As a youngster, I would get home from School, get changed and go out to play with my pals.
Now I'm older, I get home from work, get changed and go out to play with my pals, but now I call it training.

Thursday, October 31, 2013

Brampton to Carlisle Race. The Early Years (1998 - 2001)

The Brampton to Carlisle 10 mile roadrace is coming up very soon. I love it. My favourite race. Why? Probably because it was the first race I did properly (though I had also completed the Cumbrian run in 1994) way back in the late 90s when I was still doing cycle racing as my main discipline/activity. And also because of the 'magic' one hour marker, which, if you can beat, certainly makes for better reading than sixty plus minutes. 'Beating the hour' was especially pertinent to me as a cyclist because sub 1 hour is also seen as a benchmark for 25mile time trial, and one which, it could be argued, takes a similar amount of training/hard work/talent to achieve.

Not an avid record keeper or training diarist save for on this blog, the earliest result I found online for the B2C is from 1998. I have a vague recollection of running 65 minutes, but 1998 I took 62, so perhaps I also ran in 1997?

Anyway, here is the story of my 15 (soon to be 16) consecutive Brampton to Carlisle races, in chronological order, with supporting info where available from my old fuddled memory

1998. 97th position in 1hr 02 mins 08 secs.
The reason for running at all at this time of my life was because it fell in the period following the end of the cycling season. Having been used to training more or less daily for the preceeding year, I did a bit of running of an evening to try to remain fit (cycling wasn't really possible in the dark in this era when EverReady Night Rider lights were about as good as it got for cycling - certainly none of the super systems that are available nowadays which are as bright as a moped headlight).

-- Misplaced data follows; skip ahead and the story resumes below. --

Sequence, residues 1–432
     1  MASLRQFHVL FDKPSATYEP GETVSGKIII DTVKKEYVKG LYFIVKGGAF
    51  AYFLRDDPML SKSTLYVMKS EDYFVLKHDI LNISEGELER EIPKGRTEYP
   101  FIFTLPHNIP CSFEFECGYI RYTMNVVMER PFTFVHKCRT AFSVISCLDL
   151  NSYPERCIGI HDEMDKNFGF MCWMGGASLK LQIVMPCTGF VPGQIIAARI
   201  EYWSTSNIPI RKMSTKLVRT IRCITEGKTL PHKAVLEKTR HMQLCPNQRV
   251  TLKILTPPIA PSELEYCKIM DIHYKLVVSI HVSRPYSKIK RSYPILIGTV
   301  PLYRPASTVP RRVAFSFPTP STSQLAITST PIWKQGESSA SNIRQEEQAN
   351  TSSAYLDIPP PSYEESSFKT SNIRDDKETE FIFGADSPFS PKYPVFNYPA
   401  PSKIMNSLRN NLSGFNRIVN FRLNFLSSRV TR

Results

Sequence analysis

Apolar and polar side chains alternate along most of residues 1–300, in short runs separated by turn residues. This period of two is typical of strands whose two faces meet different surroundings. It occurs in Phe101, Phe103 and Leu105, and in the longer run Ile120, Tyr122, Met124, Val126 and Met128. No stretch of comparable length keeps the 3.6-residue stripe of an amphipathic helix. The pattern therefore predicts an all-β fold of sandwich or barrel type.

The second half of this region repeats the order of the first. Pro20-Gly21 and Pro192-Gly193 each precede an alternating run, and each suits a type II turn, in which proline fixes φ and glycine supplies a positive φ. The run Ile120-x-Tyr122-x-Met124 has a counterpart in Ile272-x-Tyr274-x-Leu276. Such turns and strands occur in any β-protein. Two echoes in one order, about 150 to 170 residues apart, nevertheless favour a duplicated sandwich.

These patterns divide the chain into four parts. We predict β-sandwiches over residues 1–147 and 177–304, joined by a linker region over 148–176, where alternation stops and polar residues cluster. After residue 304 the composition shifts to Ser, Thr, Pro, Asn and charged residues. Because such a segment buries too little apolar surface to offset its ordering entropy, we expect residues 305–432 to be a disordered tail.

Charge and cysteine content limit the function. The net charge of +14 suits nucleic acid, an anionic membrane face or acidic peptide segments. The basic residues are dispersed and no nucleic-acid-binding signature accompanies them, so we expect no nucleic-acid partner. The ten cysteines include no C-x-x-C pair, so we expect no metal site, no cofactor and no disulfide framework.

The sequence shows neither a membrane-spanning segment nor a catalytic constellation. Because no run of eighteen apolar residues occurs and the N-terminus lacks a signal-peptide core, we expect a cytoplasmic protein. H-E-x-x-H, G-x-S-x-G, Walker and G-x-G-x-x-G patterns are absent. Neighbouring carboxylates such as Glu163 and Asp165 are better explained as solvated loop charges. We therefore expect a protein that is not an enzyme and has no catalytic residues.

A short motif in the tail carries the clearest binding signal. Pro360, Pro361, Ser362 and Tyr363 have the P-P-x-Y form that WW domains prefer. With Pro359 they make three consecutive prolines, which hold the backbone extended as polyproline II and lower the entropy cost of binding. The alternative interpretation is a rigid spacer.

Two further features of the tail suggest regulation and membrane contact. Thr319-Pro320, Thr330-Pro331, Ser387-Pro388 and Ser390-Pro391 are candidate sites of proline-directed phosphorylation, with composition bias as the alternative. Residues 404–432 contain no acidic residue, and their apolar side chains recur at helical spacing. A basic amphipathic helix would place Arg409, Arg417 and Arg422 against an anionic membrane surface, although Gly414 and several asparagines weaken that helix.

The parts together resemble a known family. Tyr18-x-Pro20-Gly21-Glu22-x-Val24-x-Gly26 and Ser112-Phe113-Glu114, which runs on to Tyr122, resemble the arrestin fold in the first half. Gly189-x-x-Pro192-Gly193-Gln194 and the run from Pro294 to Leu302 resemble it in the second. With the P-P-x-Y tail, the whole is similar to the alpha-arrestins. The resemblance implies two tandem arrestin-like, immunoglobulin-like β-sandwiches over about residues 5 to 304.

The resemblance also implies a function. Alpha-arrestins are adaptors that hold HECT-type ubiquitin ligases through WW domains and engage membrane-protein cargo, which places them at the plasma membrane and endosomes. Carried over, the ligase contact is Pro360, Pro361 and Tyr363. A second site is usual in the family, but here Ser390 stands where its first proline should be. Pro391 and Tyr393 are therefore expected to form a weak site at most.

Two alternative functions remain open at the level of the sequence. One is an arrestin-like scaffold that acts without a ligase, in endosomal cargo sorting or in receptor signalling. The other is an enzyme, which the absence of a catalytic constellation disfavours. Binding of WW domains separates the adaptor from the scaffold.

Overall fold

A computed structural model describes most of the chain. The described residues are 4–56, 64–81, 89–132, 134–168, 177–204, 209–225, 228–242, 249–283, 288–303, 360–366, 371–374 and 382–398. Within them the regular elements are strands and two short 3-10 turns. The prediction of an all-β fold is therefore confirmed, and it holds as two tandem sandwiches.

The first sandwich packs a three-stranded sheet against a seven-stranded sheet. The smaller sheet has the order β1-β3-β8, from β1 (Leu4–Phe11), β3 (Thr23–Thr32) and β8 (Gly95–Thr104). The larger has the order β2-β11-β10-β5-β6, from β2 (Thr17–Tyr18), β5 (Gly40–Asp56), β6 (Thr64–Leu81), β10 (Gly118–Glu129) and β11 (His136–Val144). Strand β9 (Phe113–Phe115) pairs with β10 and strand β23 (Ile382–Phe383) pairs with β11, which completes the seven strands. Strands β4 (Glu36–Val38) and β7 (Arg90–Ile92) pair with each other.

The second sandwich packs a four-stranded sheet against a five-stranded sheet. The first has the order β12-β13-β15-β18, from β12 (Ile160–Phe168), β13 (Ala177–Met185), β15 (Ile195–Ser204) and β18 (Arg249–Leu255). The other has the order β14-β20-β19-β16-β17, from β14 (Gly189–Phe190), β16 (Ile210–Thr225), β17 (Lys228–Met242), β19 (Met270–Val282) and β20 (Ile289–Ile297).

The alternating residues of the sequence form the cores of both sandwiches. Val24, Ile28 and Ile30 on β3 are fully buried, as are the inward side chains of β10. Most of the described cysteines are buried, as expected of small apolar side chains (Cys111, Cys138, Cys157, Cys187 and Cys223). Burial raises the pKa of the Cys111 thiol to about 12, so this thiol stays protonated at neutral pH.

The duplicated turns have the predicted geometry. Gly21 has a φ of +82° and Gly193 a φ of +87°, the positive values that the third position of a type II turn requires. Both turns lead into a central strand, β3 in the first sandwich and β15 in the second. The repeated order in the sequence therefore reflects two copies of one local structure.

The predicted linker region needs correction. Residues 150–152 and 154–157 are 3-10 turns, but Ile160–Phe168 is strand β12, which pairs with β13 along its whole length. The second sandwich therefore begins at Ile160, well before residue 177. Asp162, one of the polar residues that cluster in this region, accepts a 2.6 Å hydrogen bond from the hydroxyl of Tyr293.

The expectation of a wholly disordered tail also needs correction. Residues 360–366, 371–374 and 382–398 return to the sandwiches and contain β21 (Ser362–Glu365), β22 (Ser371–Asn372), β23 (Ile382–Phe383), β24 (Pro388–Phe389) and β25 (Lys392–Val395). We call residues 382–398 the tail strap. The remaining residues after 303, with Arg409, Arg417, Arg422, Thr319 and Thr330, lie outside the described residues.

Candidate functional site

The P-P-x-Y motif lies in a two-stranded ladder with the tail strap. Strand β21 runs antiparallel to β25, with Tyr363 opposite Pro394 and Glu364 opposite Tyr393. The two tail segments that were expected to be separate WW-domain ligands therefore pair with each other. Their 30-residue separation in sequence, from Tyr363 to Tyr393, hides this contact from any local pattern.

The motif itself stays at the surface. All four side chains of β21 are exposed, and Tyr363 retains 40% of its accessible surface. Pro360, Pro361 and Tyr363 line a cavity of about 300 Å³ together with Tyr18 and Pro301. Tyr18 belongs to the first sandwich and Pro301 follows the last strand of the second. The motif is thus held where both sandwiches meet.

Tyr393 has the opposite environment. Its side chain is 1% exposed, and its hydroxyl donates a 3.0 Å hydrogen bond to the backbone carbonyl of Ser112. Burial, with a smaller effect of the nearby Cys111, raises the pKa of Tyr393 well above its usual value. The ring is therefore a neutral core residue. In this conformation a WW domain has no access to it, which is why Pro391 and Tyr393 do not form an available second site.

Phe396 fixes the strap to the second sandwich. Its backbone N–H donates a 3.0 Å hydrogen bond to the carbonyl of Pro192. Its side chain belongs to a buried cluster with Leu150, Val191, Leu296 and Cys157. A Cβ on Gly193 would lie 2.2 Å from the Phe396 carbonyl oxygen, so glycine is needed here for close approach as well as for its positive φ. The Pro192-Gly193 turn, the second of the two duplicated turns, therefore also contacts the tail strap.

I cannot remember much about doing the race but I can remember the results were printed in the Evening News the following week and I was especially pleased to have made the top 100 from nearly 450 finishers.
With only 2 and a bit minutes quicker needed to go under 60 I contemplated for the first time the idea of 'beating the hour' in a sport which wasn't even the one I was properly training for and involved in. So I decided that instead of quitting running once cycling started up again in  1999, I would run just once per week, every week, in the hope that it would give me a headstart come October and I would be able to progress to sustaining 10mph.

1998 result CLICK
other notable names on the 1998 result sheet include Dave Farrell in 17th (53:38), Steve Murdoch in 4th (51.21) and Mike Scott in 5th (51.23)

1999.  90th Position in 59 mins 49 secs.
This was huge. This was the big one.  This was hard work. VERY hard work. For many many years I could recall vividly just how hard I tried during this years version of the race. In fact, there are only two other races I can remember being tougher, trying harder, suffering more, (they were my 10k pb and my 55minute result at Derwentwater 10 in 2004)
Prior to the race I had been training a lot more than for previous runs. After the cycling season and my one run per week I had ramped up the training with the primary objective being to run inside 60 mins.  I had enlisted the help of Plucky and I can picture to this day, him riding alongside me going up Stanwix bank at the end of a dark training run telling me how fast I was going. Back then, without any measured routes to run, or GPS available, all I could do was have a cyclist riding longside tell me whether or not I was doing 10mph. I don't even think I had figured out that if I measured out a mile I could return to that place during a run and time it to see if I was on target pace.
On the day of the race Plucky came along too and now and then rode alongside me giving the all important  'current miles per hour' report.